Put Your Hands Up

by on Mar.21, 2010, under music

Music is a very important part of my life.  I listen to it in many aspects of my life and it is both a mood ring and a recovery tool for my emotional state.  Many of the most important moments of my life can be and have been set to music.  So it is incredulous that I don’t write more about it.  I aim to change that starting here.

I’m always seeking new music to listen to.  While my wife is also very musically oriented, she has not pursued it as fervently as I tend to recently, so it was a welcome surprise last week when she turned me on to a new artist.  Before last weekend, Pomplamoose was no more than the French word for grapefruit (albeit a somewhat phonetically spelled version of the word).  It started with her playing the video for this quirky cover of Beyoncé’s “All the Single Ladies”.  After only a few iterations of it and hearing a few other covers, I found myself spending some downtime at work the following Monday investigating some more of their music including their originals.  By the next day I had purchased and downloaded every track I could find from the band as well as some of the singer’s solo tracks.  And for the rest of the week I listened to little else.

Pomplamoose’s sound is very indie, with Nataly Dawn’s vocals being very earthy and reminiscent of Beth Orton, and Jack Conte’s arrangements being very eclectic (including elements such as toy xylophones, triangles, and facial percussion).  But there is also a solid sense of a polished product – while the videos present a sense that all of their songs are recorded in an apartment, the sound is well produced and complete (even in the seemingly purposefully included snafus and antics).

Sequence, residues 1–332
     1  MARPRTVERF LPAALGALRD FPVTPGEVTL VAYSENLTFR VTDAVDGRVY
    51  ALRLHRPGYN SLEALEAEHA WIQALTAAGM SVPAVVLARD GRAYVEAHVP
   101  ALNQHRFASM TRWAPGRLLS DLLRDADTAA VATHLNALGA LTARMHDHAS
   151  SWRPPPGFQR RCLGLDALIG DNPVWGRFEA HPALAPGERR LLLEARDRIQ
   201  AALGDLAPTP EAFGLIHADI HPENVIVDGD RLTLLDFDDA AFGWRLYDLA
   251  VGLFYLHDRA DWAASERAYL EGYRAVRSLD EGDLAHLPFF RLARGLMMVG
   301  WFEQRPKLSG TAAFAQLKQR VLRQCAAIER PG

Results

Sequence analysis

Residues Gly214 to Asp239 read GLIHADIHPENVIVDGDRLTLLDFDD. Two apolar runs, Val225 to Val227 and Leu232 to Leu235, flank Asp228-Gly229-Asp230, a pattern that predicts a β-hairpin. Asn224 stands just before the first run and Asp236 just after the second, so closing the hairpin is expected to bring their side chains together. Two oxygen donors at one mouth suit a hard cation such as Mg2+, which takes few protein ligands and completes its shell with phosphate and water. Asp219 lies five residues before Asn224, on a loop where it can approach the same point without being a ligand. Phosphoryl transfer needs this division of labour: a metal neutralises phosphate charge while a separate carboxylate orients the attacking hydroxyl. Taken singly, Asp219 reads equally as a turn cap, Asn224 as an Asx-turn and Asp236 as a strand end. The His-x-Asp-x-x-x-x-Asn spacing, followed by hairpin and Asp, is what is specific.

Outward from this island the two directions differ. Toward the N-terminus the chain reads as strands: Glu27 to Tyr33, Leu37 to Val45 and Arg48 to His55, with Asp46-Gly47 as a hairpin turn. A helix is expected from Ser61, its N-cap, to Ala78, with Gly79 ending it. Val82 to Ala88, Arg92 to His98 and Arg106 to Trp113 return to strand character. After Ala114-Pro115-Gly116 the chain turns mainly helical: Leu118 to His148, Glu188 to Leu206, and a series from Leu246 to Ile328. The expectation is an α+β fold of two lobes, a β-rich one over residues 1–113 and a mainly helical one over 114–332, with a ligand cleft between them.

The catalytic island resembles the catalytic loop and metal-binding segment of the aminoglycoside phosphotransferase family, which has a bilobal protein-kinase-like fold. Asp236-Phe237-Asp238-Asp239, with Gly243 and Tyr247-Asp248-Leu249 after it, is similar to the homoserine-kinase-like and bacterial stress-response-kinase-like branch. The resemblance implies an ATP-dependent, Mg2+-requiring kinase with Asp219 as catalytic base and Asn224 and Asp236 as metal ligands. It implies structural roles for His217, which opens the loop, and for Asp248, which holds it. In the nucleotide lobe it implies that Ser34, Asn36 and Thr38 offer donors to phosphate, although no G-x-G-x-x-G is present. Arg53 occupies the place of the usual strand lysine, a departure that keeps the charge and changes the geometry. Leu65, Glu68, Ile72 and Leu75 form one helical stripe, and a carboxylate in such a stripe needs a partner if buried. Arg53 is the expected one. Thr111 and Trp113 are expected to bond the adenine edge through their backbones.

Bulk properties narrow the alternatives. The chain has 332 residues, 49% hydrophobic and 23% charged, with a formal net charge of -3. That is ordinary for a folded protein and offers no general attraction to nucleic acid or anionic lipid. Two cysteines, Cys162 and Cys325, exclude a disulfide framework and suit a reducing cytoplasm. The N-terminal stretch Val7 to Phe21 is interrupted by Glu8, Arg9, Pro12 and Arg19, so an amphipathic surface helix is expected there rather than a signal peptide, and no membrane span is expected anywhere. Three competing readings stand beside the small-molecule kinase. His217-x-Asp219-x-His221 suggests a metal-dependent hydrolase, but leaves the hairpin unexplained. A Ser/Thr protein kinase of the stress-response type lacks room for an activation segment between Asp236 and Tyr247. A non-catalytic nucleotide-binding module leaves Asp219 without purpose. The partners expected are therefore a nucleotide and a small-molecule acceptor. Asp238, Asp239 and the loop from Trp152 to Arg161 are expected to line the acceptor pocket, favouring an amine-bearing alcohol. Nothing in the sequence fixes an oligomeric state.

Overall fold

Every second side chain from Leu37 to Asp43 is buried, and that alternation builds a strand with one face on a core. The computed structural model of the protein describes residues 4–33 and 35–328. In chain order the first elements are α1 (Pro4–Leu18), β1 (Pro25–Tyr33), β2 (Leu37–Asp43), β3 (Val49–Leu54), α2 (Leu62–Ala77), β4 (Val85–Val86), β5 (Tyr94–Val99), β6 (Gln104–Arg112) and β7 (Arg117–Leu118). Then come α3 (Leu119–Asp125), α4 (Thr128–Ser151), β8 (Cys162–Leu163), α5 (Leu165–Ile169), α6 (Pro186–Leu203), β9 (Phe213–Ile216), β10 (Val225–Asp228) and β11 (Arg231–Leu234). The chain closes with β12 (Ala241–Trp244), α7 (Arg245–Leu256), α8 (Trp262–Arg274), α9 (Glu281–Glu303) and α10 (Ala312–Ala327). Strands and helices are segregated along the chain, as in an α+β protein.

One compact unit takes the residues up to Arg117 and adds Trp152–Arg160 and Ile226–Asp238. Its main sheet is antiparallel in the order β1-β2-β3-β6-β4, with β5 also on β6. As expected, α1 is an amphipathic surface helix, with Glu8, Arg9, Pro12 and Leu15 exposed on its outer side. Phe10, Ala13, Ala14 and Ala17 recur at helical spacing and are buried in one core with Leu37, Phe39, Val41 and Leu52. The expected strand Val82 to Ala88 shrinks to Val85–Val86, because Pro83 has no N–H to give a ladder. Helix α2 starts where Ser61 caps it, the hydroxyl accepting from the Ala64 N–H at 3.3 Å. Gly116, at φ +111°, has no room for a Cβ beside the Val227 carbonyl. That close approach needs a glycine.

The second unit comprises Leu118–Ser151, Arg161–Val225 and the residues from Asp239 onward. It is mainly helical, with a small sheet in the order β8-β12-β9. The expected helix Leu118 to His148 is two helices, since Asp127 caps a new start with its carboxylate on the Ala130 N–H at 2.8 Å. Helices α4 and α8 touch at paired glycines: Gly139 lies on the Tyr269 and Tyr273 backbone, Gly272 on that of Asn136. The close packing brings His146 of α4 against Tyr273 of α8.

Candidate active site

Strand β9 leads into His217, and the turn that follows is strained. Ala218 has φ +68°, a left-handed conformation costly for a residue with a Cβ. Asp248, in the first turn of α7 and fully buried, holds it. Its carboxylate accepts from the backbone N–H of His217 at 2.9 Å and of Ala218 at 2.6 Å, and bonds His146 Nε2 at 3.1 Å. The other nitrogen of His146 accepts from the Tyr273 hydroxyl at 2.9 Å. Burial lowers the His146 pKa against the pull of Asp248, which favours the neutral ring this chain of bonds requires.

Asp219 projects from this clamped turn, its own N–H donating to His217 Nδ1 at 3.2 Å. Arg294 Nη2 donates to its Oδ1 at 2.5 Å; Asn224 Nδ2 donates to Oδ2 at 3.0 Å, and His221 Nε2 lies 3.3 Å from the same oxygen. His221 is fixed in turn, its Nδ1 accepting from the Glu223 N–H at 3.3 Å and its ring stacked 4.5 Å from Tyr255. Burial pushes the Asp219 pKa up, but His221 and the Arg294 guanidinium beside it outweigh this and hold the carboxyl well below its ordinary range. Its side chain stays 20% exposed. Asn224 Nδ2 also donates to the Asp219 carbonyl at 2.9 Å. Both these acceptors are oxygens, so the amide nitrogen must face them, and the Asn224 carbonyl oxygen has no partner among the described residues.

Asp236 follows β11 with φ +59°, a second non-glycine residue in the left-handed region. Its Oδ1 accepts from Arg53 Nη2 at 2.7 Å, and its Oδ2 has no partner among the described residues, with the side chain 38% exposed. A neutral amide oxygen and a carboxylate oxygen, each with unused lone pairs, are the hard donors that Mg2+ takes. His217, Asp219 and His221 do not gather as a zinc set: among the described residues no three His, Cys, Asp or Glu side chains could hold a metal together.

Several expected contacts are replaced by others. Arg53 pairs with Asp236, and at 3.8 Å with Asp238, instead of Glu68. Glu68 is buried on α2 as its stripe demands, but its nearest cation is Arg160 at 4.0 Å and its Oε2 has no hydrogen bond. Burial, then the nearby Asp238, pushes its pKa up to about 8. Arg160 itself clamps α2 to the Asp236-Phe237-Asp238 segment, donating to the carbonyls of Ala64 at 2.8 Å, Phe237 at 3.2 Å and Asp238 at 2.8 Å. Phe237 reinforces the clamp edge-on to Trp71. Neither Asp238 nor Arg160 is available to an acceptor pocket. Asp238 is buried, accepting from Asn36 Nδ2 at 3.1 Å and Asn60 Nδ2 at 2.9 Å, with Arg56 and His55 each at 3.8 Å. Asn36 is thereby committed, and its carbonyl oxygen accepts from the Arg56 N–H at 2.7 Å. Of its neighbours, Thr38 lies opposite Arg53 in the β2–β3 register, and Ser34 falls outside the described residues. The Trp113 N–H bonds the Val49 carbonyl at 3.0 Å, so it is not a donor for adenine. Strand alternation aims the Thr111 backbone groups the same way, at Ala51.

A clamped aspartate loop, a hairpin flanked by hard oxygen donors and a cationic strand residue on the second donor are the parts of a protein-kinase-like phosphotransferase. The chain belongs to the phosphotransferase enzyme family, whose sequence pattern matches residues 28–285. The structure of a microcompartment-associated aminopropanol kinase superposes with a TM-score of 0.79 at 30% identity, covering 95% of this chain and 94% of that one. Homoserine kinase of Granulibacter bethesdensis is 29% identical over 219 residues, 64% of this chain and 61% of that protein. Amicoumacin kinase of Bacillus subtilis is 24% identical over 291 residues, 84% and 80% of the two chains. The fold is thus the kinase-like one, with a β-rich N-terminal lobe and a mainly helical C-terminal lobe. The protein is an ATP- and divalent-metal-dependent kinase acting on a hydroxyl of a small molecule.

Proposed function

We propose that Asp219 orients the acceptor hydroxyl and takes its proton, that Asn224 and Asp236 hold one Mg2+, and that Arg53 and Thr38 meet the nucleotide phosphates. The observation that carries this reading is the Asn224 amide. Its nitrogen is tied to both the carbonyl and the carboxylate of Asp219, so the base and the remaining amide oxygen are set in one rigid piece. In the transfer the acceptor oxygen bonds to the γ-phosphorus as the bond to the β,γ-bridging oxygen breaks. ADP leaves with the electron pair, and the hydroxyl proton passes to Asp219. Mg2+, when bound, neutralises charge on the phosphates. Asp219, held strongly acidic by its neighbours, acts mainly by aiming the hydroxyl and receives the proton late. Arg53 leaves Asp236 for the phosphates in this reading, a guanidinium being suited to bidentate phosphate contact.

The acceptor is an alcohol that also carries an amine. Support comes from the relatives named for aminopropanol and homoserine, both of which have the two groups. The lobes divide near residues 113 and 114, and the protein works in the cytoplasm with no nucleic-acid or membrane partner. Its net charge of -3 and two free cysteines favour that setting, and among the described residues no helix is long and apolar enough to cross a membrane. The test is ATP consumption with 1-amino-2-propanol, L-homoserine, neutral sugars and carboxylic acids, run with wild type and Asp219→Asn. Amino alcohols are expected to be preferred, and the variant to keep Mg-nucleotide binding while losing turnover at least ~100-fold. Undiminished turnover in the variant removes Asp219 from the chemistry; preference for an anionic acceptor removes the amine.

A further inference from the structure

Their covers include some original instrumental interpretations that make the songs their own and their originals are solid arrangements on their own.  I love the coy message in “If You Think You Need Some Lovin“, the subtle metaphors in “Expiration Date” (I especially like the line “when did you start complimenting in past and future tense”).  And while it could be argued that their video style seems single-threaded, Nataly’s near constant half-smile and Jack’s unique instrumentation and video antics make them all very watchable.

That being said, I encourage you to watch them all.  If you like what you hear, I also encourage you to patronize them as well.  While I don’t necessarily support the nature of the RIAA machine, I do fully believe in supporting real musicians that are trying to make a living.  I hope you at least enjoy a listen – currently it seems that their cover of Lady Gaga’s “Telephone” is at the top of the YouTube playlist, which I enjoy listening to more than anything actually by Lady Gaga herself.

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